- Once you are confident the baby is feeding well for the day and the nightime feeds are more habit than need, you can start reducing the nighttime feed by a half an ounce every three days until they are taking more during the day than the night. Both of my kids dropped their nighttime feed on their own because of consistent feeds during the day, so I never actually did this.

- The key for me was Suzy's approach to sleep training - starting with placing the baby down drowsy but awake for nighttime.  We did this a bit later than Suzy recommended but it worked great (around 4 months with Bodie and 5 months with Lyla).

- Suzy recommends intermittent checks where in you follow your typical routine, rock the baby until drowsy and place awake. Then you let your baby self soothe (cry) for 5 minutes, and then go in quietly and calmly to place a reassuring hand and tell them they're safe before leaving again. Know that they'll likely cry a bit more but this time wait an increased increment of 10 minutes before going back in.  In both my kids' case, they cried for the first 5 minutes and then 7 minutes after my first check, so I never went back in. If they had, I would go in at the 10 minute mark and repeat with a reassuring hand and saying before leaving and waiting another 15 minutes.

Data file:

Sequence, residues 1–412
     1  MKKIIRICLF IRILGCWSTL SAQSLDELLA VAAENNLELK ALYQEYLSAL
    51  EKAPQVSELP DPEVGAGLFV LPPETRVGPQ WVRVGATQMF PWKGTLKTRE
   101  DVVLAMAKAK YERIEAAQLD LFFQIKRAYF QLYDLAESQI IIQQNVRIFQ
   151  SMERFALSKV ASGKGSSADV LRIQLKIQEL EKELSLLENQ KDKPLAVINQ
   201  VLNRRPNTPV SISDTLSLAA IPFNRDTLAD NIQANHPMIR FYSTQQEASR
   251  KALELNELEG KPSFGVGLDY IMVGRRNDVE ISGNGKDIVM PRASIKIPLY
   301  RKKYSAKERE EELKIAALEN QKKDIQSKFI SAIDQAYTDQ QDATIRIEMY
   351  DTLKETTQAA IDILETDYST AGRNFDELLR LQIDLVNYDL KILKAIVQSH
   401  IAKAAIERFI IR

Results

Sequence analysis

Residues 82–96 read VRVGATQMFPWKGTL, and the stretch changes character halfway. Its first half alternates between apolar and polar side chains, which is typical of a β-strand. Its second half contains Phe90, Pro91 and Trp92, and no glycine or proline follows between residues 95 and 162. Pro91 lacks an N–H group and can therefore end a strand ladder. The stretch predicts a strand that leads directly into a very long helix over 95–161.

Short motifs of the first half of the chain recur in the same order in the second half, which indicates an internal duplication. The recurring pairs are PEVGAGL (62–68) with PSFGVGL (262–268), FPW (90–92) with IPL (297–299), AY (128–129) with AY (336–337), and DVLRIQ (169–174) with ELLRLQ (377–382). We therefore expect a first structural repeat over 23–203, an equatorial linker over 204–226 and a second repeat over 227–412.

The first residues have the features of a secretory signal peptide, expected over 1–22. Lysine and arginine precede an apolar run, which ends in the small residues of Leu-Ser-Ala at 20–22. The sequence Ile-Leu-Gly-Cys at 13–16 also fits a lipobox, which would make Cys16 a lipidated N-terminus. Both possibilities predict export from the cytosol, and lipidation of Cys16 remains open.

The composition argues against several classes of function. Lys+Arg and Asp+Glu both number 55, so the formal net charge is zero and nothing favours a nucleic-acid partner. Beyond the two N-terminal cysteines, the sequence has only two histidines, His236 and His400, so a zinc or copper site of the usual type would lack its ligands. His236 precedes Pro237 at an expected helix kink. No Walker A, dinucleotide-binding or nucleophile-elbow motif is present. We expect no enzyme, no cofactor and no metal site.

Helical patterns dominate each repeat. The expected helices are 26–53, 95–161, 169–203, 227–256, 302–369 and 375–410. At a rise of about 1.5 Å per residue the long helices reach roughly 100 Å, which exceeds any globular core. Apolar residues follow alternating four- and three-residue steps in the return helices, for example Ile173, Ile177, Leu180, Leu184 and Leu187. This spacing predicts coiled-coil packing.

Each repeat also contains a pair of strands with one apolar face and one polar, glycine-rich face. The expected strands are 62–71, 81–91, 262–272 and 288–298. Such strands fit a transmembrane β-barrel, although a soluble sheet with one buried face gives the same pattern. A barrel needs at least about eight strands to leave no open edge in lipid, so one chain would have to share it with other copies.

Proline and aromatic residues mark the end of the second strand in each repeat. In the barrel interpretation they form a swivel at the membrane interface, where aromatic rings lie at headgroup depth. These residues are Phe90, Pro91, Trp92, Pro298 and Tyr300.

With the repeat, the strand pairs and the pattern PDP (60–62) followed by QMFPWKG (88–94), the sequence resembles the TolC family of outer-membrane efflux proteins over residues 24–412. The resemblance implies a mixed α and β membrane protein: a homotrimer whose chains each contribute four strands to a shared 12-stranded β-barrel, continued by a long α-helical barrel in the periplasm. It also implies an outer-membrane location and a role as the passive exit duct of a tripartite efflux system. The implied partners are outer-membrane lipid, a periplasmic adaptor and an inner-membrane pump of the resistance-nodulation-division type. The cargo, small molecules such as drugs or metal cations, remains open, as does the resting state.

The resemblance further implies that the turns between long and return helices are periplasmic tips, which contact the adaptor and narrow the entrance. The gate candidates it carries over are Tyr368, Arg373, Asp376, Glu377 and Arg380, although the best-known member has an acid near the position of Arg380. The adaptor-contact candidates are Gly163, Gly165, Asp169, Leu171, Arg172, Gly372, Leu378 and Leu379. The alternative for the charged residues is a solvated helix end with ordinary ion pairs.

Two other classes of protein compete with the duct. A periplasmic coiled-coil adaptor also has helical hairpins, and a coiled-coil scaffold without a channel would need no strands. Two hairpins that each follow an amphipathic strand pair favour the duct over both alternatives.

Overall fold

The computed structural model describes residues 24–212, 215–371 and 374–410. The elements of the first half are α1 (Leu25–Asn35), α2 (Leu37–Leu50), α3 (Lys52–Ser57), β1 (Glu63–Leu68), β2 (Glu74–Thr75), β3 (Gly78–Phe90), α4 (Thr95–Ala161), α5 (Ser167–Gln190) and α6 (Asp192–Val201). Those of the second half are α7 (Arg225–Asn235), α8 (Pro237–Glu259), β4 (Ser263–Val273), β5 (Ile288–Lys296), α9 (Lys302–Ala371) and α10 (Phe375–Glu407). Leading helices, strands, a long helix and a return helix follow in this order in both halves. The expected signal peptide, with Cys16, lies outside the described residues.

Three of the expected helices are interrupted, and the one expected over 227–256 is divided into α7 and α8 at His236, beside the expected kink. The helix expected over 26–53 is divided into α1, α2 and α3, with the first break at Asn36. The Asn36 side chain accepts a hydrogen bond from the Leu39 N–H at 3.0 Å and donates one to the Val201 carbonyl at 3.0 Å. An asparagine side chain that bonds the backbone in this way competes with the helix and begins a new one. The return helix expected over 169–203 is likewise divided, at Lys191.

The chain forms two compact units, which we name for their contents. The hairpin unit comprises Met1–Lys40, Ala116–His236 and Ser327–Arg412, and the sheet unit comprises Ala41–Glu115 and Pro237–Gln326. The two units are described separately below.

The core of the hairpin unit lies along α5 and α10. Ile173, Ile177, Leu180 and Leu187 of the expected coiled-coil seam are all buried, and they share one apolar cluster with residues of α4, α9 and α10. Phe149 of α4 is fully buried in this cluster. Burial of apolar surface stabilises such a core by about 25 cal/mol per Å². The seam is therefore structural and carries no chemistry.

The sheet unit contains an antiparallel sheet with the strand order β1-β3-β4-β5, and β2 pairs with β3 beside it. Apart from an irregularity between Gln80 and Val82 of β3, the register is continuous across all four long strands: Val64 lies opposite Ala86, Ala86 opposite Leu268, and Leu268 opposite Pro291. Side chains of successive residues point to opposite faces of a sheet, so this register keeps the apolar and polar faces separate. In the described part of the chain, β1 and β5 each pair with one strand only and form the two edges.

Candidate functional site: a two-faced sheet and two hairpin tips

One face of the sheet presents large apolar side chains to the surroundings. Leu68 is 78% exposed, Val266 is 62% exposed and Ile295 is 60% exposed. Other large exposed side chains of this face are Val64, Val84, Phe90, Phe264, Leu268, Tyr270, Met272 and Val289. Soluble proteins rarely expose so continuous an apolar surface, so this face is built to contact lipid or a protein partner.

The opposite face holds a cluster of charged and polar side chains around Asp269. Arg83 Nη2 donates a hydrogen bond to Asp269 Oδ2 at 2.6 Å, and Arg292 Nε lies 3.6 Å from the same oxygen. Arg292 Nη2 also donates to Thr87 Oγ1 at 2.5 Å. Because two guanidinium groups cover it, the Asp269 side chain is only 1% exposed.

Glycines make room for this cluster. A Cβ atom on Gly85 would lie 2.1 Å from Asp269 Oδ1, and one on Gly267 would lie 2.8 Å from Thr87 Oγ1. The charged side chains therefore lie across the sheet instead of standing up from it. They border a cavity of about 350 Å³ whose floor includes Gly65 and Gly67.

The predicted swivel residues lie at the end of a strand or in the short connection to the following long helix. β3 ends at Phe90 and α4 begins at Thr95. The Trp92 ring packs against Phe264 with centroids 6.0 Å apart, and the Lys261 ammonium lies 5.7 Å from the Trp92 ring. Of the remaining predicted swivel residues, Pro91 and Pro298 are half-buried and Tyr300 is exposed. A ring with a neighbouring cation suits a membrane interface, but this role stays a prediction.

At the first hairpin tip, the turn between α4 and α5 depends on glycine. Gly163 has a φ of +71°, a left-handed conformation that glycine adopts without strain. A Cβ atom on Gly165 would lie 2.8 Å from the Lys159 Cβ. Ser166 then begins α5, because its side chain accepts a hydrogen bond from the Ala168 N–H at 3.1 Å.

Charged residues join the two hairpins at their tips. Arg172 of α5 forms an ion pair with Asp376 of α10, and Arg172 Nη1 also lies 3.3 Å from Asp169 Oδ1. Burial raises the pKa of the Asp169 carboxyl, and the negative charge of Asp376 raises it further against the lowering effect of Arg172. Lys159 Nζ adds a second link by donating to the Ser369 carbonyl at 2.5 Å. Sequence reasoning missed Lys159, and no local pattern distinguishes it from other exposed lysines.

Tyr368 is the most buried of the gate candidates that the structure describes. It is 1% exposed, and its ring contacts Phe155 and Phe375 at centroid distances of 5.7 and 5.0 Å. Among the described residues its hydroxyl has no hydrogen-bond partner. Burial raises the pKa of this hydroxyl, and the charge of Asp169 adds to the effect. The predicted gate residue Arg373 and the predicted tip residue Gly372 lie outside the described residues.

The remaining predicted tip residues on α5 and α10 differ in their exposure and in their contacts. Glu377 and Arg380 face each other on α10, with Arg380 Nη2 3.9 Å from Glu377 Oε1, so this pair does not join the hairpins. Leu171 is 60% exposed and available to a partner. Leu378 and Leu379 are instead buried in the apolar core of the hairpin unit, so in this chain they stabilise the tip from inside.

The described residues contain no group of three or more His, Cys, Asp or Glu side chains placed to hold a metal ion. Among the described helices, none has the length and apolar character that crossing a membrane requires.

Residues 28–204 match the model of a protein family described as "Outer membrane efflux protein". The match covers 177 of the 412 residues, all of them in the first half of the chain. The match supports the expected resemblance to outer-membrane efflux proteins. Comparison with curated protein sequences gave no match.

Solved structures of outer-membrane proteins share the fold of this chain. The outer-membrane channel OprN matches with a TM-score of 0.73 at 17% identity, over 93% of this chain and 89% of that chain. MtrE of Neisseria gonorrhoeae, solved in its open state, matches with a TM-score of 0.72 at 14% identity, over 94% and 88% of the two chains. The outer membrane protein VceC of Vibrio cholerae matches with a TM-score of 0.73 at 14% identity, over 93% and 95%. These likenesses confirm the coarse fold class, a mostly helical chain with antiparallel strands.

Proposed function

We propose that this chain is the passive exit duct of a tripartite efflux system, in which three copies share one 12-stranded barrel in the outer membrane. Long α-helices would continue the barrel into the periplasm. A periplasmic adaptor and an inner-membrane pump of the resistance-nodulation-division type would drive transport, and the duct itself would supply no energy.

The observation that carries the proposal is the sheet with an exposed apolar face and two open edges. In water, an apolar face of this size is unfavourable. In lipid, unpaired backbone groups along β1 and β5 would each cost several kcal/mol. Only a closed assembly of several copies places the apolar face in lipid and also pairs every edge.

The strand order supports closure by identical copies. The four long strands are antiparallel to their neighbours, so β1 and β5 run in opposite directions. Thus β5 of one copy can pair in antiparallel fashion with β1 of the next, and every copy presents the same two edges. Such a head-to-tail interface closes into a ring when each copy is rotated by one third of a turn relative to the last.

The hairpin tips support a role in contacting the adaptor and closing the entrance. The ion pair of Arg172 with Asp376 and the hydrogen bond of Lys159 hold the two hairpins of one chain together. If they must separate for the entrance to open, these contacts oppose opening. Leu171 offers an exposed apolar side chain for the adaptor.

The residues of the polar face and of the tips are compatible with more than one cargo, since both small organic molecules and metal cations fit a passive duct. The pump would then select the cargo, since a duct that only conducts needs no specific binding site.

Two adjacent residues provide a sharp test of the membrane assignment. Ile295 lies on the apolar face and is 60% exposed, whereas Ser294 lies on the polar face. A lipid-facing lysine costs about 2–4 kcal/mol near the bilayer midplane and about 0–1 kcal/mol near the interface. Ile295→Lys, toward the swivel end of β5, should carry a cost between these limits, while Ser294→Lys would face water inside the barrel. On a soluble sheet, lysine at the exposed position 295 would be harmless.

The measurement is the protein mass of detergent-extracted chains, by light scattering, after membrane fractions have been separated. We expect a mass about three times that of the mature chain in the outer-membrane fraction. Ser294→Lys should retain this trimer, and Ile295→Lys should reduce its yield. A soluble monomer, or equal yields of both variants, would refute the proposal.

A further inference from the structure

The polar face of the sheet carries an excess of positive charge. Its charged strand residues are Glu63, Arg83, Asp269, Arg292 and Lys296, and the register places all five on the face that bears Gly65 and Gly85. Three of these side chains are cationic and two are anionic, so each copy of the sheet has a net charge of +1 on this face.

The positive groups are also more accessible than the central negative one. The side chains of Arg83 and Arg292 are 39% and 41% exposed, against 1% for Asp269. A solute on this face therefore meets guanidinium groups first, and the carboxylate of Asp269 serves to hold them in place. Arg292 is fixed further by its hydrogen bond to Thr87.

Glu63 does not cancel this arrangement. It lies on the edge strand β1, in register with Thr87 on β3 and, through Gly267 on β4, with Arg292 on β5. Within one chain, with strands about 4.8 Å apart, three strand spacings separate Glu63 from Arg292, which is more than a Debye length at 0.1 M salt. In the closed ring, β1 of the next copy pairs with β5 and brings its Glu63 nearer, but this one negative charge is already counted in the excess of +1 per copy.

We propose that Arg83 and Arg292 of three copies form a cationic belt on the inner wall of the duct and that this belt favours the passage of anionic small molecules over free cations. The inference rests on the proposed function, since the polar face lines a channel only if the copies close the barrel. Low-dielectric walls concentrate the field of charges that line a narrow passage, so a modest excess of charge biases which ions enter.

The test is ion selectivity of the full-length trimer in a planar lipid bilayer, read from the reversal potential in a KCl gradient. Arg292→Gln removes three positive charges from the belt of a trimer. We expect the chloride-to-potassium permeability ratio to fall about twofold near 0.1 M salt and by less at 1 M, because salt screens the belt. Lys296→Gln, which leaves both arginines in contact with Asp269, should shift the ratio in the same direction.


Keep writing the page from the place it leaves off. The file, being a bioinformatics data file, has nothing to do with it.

- Suzy suggests nap-time training after nighttime sleep habits are solid. Meaning after they could happily put themselves to sleep and stay sleeping until the next morning, we put them down awake for nap-times so they could apply their new found skills to daytime.

Bringing Up Bébé by Pamela Druckerman - chosen by Chelsea